Article - Calligraphy.
Calligraphy is one of the decorative arts and is often called the art of beautiful writing. Calligraphy occupies a special place in Islam and initially arose based on copying the Holy Qur’an. For this reason, the written word itself acquired a sacred meaning.
According to one of the hadiths, the Prophet Muhammad said: "Writing is half of Knowledge." In the medieval culture of the Crimean Khanate, the degree of mastery of the "beauty of writing", or calligraphy, became an intelligence indicator.
The early script, Kufic, which gravitated towards rectilinear, geometrized forms of letters, dominated Islamic calligraphy until the 12th century and was canonized as the script used to write the titles of the surahs of the Qur’an. At the end of the 8-9th century, the Naskh ("correspondence") script stood out and gained popularity among book scribes. It later became one of the "six styles" of classical Arabic writing along with other scripts.
Muhakkak ("correct") was distinguished by the expressiveness of clear letters, and Raikhani ("basil") – by sophistication, which was compared with the delicate scent of blooming basil. In the solemn Suls ("one third"), curvilinear and rectilinear elements were correlated in a ratio of one to three. Tauki ("decree") was denser, and Rika was the most cursive of all scripts. The six writing styles were based on the system of "oral writing" - khatt mansub, invented by the Baghdad calligrapher Ibn Mukla (886-940). It is a system of proportions that determines the ratio of vertical and horizontal elements of letters in a word and a line. Based on classical Arabic scripts, Persian calligraphers developed new styles - Talik and Nastalik, which in turn gave birth to many decorative, exquisite scripts. In the 15-17 centuries, a peculiar genre of calligraphy, Kita, a sample of one or more script, spread across Turkey and Crimea.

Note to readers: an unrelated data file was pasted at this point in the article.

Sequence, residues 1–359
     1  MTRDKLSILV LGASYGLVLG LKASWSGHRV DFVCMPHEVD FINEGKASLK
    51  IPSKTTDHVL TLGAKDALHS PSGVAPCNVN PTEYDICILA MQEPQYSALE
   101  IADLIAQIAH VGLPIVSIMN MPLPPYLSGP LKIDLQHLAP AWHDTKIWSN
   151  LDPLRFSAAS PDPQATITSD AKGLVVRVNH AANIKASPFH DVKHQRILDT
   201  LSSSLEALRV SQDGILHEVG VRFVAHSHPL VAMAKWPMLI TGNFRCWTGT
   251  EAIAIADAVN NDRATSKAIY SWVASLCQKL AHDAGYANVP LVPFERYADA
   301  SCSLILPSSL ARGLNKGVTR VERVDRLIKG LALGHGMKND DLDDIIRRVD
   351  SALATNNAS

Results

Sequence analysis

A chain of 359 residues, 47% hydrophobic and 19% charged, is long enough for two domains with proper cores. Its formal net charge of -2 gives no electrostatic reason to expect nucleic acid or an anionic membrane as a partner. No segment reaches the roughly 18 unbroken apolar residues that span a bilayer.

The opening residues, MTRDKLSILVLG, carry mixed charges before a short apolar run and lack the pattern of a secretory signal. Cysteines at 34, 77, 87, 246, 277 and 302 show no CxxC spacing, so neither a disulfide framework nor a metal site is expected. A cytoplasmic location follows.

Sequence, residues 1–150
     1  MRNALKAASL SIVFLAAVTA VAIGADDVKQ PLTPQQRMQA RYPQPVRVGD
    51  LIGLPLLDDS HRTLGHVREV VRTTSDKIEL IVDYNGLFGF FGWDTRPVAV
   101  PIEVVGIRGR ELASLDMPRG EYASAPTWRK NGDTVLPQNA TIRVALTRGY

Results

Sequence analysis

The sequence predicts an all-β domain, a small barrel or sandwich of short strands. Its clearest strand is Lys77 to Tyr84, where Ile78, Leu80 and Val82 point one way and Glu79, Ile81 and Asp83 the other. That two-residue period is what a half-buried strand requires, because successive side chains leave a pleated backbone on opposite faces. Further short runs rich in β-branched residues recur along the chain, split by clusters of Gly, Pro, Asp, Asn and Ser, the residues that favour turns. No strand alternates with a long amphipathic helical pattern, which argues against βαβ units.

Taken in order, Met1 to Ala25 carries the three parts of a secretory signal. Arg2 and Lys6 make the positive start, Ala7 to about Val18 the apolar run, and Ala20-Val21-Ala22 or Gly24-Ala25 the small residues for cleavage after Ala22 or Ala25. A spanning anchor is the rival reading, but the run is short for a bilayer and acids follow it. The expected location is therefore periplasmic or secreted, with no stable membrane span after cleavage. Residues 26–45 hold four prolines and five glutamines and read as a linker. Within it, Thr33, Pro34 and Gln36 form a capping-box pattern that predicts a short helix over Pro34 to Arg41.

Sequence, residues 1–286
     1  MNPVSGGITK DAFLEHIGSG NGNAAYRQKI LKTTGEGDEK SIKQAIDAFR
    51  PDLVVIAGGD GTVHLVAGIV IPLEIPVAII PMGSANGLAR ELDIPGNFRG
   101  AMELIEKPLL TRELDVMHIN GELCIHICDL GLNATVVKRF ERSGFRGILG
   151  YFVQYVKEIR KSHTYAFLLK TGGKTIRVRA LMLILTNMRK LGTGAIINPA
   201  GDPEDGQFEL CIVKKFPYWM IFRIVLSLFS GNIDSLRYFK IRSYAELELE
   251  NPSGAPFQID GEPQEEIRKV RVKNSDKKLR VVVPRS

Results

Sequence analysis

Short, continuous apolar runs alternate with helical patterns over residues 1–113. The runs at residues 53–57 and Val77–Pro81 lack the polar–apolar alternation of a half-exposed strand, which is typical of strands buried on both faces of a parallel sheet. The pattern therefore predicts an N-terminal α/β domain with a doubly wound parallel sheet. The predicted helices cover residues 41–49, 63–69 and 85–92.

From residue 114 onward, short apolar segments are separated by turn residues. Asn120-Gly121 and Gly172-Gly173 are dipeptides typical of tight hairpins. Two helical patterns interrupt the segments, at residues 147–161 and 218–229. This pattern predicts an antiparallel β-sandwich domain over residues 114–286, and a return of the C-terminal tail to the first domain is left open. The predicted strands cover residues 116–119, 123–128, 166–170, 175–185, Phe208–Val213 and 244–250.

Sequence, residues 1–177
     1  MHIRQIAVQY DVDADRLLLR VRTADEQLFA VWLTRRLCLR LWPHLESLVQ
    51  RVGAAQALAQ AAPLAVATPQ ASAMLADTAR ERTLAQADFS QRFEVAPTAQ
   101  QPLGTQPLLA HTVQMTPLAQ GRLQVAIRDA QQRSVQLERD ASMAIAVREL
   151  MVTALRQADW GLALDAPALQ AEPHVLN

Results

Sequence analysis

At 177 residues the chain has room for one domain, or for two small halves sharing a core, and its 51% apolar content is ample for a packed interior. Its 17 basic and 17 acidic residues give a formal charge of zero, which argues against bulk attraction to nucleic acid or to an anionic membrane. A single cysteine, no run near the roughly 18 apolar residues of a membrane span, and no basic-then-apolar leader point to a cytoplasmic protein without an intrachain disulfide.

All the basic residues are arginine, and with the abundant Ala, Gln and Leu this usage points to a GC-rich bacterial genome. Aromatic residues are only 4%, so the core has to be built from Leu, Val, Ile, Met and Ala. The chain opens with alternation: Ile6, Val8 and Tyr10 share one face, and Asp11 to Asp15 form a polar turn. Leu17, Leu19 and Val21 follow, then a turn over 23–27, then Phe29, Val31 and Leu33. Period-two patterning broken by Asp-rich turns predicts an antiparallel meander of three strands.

The writing instrument was a kalam - a reed pen, whose sharpening method depended on the chosen style and traditions of the school. In one of the treatises of the 14th century, it is written: "The kalam is sharpened obliquely, and bear in mind that the tip of the kalam must correspond to the length of the thumb phalanx, but Baghdad scribes sharpen it along the length of the nail ...". The materials used for writing were papyrus, parchment and paper, the production of which was established in Samarkand and some other cities of the Muslim world. The sheets were covered with starch paste and polished with the crystal egg, which made paper thick and durable as well as the letters and patterns applied in colored ink - clear, bright, and shiny.